Petulia (1968)


Richard Lester directs Julie Christie, George C Scott and Richard Chamberlain in this trippy New Hollywood drama that explores the interactions between a free sprit trapped in a loveless marriage and surgeon entering into middle age alone for the first time.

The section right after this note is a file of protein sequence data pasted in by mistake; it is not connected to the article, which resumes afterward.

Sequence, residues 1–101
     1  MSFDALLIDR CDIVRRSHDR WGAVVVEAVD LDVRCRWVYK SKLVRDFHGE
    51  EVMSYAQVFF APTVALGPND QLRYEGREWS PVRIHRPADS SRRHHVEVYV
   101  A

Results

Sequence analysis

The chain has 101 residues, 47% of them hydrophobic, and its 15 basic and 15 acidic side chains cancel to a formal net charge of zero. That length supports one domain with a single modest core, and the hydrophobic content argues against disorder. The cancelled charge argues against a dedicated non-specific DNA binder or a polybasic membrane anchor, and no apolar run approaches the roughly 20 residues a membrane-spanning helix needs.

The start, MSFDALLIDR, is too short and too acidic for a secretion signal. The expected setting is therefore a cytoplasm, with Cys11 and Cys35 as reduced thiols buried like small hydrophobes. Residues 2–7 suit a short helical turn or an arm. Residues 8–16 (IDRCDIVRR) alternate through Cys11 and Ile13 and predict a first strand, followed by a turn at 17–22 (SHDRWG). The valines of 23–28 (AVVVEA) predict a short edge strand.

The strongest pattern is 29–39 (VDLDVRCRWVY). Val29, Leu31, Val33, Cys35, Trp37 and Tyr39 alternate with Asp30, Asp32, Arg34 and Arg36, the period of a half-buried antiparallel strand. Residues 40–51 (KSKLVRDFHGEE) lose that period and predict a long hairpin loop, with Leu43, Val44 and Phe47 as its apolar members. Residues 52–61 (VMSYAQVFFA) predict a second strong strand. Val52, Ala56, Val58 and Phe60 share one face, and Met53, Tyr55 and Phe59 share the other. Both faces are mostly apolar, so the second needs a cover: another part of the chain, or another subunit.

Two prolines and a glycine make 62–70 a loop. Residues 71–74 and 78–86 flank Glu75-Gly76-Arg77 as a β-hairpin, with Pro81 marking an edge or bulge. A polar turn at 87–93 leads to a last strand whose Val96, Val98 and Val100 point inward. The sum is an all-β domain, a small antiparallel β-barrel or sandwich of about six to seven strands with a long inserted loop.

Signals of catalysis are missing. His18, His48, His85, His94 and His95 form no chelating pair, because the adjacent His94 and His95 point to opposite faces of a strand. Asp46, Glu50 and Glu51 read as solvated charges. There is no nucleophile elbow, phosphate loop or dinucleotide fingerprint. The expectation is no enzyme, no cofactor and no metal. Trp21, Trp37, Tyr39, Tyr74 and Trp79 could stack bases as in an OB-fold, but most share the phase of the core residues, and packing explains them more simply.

Jarring. Really fucking jarring. For the first hour of Petulia, it is difficult to know what the fuck you are watching. Oh so 1960s, MAN! A temporally discombobulated love affair between a divorced surgeon and a young housewife. The back story, motivation and personality are lost between the shifting, unrelated scenes. One thing that does shine through is their attraction to each other. Within this (purposely) avant garde mess, the leads have real chemistry. Julie Christie is what they’d call these days a manic pixie girl fantasy figure, only with the coolest boutique fashions ever. Scott brings his usual iron grip intensity and gruff charm to the fore. But then as the beautiful, unconnected jigsaw pieces, being flung in our faces by Lester, fall into place, a bigger picture emerges. The quirky romance gives way to a dark drama of control and compromise. The daft liberal hippy shit focusses in on a portrait of loneliness and treatise of personal freedom lost. With great stars, noble intentions, dazzling use of colour and… yes… a very distancing but eventually rewarding cut-up format, Petulia proves worth enduring through. Who knows a second watch might even be essential to discover all its melancholy qualities?


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